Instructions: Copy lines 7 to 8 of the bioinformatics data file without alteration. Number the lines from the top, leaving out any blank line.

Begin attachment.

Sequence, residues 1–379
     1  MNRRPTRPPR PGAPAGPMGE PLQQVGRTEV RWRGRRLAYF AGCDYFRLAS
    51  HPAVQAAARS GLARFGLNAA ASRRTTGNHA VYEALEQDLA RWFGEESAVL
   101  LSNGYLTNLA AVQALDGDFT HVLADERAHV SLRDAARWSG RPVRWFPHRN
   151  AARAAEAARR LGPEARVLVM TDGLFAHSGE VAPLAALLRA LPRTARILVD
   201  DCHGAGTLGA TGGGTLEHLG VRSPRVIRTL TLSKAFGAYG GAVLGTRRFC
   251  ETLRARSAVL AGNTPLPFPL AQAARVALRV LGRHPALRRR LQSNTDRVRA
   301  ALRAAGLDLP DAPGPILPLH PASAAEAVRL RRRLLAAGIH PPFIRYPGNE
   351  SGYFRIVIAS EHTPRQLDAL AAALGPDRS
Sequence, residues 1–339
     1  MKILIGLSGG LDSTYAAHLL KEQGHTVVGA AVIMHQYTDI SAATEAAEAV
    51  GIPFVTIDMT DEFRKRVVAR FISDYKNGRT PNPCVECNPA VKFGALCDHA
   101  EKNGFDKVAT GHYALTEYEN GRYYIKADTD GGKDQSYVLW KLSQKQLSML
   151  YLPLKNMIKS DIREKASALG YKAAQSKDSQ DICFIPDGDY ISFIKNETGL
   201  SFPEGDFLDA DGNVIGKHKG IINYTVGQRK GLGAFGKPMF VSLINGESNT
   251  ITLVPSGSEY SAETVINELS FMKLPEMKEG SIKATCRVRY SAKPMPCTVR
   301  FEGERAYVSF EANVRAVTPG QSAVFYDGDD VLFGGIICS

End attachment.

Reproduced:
   251  ETLRARSAVL AGNTPLPFPL AQAARVALRV LGRHPALRRR LQSNTDRVRA
   301  ALRAAGLDLP DAPGPILPLH PASAAEAVRL RRRLLAAGIH PPFIRYPGNE